Extinction Rebellion offshoot Mother’s Rebellion rally for climate action.
It was another cold August morning in Melbourne and the city was waking up to chilling winds and cloudy skies.
But outside the National Gallery of Victoria, a bright pink banner cut through the grey.
It read ‘Mother’s Rebellion for Climate Justice’.
On the 19th of August, over a dozen women braved the cold and rallied for climate action outside the NGV as part of the Mother’s Rebellion movement.
Every month mums, aunties, sisters, grandmothers, and allies have been meeting here to sing and chant, encouraging pedestrians to stop and take notice of their protest.
The group assembles as part of the Extinction Rebellion (XR) offshoot, Mother’s Rebellion.
But before organisers were able to commence their demonstration on this morning, NGV security had already issued a warning about blocking walkways.
The response from the group was, “If you have an issue, call the police.”
Mother, great-aunt and XR Darebin member, Leslie Fraser said, “this is seen as a public space, we’re not impeding on the pedestrians on the footpath and we’re certainly not blocking the road.”
Mother’s Rebellion focuses on peaceful demonstration, contrasting the more notable and disruptive Extinction Rebellion displays.
“It is peaceful… There is something very powerful about sitting in a circle peacefully and doing public singing. It is very motivational and moving,” Fraser said.
XR performance activism groups, Sybil Disobedience, and the Climate Choir, were also in attendance to promote this attitude.
“We’re peaceful and united; we’re here for your children too. We want to be non-violent. Oh, how about you?” the Climate Choir sang.
Protesters held signs and sang for an hour between 11am and noon.
Many families passed by group on the busy Saturday morning, and children danced to the Climate Choir as their parents had lunch at the Art Centre café.
Viola Rosario, XR member and first-time Mother’s Rebellion attendee, said “Extinction Rebellion has this love and rage.”
“What we’re fighting for is life and dance, song, beauty, colour. They are the things that make us feel more alive.”
The demonstration was also livestreamed via Extinction Rebellion’s social media.
Dr Catherine Strong, a spokesperson and XR member, was the one capturing the event.
“The idea of this particular action is that a mother’s love is something that can be brought to help protect and stand between destruction and the life of the world,” Dr Strong said.
“We need everybody to be coming out and joining us because the more people just sit back and hope that somebody else is going to fix the issue, the harder it’s going to be to get any real change to take place.”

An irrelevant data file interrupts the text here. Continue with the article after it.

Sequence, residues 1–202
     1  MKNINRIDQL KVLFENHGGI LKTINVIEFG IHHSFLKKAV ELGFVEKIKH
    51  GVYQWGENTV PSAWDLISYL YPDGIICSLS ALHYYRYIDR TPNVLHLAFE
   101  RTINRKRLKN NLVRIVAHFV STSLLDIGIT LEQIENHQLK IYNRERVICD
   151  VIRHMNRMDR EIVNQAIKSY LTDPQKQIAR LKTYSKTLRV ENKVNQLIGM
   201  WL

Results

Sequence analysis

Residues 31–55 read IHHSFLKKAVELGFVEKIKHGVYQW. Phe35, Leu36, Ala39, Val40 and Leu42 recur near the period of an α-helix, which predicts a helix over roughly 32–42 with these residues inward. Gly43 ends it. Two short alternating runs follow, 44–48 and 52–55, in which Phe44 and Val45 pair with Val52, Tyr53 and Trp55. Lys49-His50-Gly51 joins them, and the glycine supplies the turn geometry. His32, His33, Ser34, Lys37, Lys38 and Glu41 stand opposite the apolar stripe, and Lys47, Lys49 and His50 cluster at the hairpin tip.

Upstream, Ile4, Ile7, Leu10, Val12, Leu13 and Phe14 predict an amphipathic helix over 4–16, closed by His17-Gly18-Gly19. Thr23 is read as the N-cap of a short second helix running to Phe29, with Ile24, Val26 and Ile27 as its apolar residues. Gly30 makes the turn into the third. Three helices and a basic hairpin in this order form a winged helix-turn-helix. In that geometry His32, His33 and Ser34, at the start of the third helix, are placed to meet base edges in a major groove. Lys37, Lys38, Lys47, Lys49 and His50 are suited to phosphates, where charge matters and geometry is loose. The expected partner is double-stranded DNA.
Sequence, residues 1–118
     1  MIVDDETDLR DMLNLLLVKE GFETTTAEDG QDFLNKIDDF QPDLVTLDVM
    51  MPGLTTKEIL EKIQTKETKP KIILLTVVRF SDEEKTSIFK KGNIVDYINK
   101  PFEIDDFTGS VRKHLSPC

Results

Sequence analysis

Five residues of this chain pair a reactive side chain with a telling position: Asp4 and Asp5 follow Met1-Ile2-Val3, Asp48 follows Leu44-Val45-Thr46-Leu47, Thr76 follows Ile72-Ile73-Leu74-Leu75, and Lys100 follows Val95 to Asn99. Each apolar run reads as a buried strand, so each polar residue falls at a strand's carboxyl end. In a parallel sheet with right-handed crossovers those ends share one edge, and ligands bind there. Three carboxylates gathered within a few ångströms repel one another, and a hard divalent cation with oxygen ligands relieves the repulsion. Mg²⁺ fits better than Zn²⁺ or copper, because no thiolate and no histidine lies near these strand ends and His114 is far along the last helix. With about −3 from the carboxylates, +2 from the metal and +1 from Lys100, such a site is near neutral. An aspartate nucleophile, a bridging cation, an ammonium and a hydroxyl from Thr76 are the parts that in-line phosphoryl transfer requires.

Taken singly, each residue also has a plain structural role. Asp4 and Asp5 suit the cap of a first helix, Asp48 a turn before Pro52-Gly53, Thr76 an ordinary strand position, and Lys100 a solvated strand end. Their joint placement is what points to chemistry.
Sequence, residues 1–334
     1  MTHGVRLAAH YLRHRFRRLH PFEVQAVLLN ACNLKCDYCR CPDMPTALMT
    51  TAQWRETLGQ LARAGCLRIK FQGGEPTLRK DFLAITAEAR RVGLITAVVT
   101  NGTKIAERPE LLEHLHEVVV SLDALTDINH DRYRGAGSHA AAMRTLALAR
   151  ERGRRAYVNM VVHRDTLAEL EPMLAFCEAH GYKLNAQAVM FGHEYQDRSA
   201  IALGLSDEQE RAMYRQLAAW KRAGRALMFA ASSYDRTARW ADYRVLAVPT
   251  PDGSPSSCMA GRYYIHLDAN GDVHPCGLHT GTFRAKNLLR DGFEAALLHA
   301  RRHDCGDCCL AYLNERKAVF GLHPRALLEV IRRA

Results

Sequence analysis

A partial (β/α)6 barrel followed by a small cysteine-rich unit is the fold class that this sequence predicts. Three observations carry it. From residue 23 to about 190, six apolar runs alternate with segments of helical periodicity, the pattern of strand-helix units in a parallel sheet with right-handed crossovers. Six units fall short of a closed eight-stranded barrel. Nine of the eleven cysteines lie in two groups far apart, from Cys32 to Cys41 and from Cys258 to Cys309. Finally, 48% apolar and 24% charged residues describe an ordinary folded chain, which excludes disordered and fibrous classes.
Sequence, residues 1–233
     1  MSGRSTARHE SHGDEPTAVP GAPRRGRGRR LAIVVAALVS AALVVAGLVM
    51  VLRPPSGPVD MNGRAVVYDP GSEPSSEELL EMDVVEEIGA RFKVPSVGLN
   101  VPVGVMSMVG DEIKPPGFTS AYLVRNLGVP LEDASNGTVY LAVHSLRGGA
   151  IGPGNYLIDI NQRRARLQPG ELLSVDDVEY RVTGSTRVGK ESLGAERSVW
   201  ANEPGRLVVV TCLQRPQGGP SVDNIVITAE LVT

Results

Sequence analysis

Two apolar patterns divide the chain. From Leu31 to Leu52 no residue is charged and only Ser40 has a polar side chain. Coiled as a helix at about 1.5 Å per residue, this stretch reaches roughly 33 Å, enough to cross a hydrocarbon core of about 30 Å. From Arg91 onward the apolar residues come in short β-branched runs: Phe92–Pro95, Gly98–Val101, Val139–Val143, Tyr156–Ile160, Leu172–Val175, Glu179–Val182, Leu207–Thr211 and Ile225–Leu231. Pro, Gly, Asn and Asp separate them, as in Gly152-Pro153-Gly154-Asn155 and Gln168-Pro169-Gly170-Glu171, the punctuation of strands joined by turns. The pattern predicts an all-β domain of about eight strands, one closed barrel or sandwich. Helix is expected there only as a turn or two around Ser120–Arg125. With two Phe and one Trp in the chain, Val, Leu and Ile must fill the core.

This idea was echoed by the guest speaker at August 19th rally, Eco Security theorist Dr Elisabeth Boulton.
Dr Boulton developed the world’s first climate and ecologically centred security strategy called ‘PLAN E’ and her speech described its importance.
Dr Boulton, who is an aunt to seven, said PLAN E is a “bold approach to the mess we find ourselves in”.
It aims to address the “hyper-threat” of climate change and environmental degradation from a defence and security perspective.
Dr Boulton’s PLAN E has two main objectives.
“First, the Federal budget allocates funding for the development of a Planetary Crisis Response Plan… Think of the Defence budget, the fact that not one dollar is allocated to this is absolutely atrocious,” Dr Boulton said.
“Second, at the diplomatic level, Australia seeks to establish a Planetary Crisis Peace Treaty in our region, including with China. These two steps are the least that’s owed to the next generation.”
Cheers erupted as Dr Boulton finished her speech and she rejoined the circle of women.
But at this same moment, the voice of a heckler criticising the Mother’s Rebellion protest and their demands drowned out some of the applause.
“What’s funny is that you believe this stuff,” he said.
There was no reaction from the protestors who began to sing with the Climate Choir, and the heckler moved on.
Leslie Fraser said Extinction Rebellion receives criticism from the public because of “how the issue is framed in the media”.
“The way they have us tagged at the moment is that we disrupt, we are disruptive, we are ratbags, we disrupt the public going about their legitimate business and we disrupt emergency workers,” she said.
Viola Rosario agrees that the media can misrepresent climate action protests.
“It’s really quite hard for the media to be able to present the pain with that touch of hope… that love is the response to the pain. It is sad to think about climate breakdown, but all we have is love and care,” Rosario said.
But Mother’s Rebellion will not be deterred, vowing to continue to meet outside the NGV the second Saturday of each month.
With groups in 25 countries around the world and new attendees in Melbourne each month, it is clear the movement is growing.
The Climate Choir closed out the protest as the group dispersed.
“Mother’s going to rise like the water. We’re going to face this crisis now. We hear the voices of our children, signing climate justice now,” they sang.